Take the 2-minute tour ×
Stack Overflow is a question and answer site for professional and enthusiast programmers. It's 100% free, no registration required.

I have 3 views in my router. The index view picks viewtwo as the default.

The problem is when I go to viewone or viewthree it goes through the index route! and loads the viewto before then rerouting to whichever I clicked viewone or viewthree and in my setup that causes some glitch as each view does something to the HTML that it then has to undo before leaving but something is not syncing too well (I tested it has something to do with how fast things load and javascript is applied onto it because my glitch only occurs if I click back and forth really fast).

What is the opposite of didInsertElement right before it gets destroyed?

Also why is the viewto getting loaded from the index route?

index: Ember.Route.extend({
    route: '/',
    redirectsTo: 'viewtwo'
}),

viewone: Ember.Route.extend({
    route: '/viewone',
connectOutlets: function( router ) {
....

viewtwo: Ember.Route.extend({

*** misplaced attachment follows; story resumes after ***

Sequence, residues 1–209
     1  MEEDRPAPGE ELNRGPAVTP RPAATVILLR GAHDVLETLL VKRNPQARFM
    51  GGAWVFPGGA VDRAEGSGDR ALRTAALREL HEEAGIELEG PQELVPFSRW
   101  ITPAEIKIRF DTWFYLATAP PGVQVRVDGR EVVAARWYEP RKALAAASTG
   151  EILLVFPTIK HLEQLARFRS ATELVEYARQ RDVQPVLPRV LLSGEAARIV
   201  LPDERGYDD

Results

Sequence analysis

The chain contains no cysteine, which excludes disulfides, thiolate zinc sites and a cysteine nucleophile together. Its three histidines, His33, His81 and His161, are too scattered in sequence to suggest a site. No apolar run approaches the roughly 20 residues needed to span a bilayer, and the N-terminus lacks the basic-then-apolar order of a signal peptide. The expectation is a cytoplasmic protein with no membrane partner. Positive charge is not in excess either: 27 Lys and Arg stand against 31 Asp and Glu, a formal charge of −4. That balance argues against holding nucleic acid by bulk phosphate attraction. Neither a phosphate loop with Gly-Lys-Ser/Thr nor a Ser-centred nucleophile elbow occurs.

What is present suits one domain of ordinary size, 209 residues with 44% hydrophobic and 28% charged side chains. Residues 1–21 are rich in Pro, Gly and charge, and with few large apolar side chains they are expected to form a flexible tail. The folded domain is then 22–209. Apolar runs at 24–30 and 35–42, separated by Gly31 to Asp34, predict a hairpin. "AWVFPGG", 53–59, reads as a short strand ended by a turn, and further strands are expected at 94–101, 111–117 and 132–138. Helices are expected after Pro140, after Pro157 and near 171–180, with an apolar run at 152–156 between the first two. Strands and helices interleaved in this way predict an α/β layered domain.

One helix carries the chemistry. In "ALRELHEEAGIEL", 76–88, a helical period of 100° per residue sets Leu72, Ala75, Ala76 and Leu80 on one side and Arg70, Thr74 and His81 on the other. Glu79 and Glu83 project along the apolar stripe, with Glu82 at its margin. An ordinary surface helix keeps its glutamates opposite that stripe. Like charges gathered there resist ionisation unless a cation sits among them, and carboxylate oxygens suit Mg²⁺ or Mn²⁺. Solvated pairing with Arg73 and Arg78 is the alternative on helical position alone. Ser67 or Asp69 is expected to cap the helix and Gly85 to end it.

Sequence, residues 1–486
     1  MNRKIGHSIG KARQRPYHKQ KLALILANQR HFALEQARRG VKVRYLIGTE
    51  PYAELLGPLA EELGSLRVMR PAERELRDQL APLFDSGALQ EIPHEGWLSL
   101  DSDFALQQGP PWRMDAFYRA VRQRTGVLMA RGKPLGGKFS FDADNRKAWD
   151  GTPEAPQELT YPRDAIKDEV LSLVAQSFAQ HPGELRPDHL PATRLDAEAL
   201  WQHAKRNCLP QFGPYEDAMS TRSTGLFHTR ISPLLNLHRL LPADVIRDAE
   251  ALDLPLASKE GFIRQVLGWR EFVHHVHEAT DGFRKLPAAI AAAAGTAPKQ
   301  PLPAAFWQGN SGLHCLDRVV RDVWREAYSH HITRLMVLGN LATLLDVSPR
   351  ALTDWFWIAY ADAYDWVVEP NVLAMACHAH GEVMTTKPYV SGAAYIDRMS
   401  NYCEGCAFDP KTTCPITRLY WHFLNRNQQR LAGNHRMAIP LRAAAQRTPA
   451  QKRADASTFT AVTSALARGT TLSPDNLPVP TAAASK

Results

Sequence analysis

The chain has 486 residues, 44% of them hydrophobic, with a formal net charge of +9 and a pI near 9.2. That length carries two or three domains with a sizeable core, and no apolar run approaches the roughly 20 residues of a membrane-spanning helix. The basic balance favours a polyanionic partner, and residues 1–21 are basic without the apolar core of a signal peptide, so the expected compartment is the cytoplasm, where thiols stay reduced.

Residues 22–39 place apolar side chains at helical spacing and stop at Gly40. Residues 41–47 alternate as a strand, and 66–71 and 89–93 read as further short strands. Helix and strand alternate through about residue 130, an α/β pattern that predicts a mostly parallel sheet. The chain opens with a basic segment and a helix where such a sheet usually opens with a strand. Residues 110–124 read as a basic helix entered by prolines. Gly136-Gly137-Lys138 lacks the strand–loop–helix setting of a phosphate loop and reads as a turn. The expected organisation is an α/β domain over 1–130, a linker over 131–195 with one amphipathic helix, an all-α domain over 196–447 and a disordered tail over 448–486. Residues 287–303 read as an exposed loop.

route: '/viewtwo',
connectOutlets: function( router ) {
....    

viewthree: Ember.Route.extend({
    route: '/viewthree/:item_id',
connectOutlets: function( router, item ) {
....    
share|improve this question

1 Answer 1

What is the opposite of didInsertElement right before it gets destroyed?

willDestroyElement. See this page: http://emberjs.com/api/classes/Ember.View.html#event_willDestroyElement

Also why is the viewto getting loaded from the index route?

The reason index loads viewto is because of the redirect, but I think you already knew that. Not sure what you are asking here.

As far as all your routes going through index, you might want to post a fiddle that emulates this problem. /viewthree should not enter index from what you've posted. If you post a fiddle that can reproduce the problem it will help people provide better answers.

share|improve this answer
1  
Essentially, when the router figures out which route it should navigate to, it creates a path like root.viewthree. It then enters each state in turn, setting each state up as if no other states follow it. This means it enters the root state, sees the redirectTo, and redirects. This means the current path is now root.viewtwo (incorrectly). It then runs the enter state for viewtwo (which it thinks is correct). It then backs up to what is actually correct (viewthree) and runs the enter state for that (which changes the current path from root.viewtwo back to root.viewthree. –  bengillies Nov 19 '12 at 18:01

Your Answer

 
discard

By posting your answer, you agree to the privacy policy and terms of service.

Not the answer you're looking for? Browse other questions tagged or ask your own question.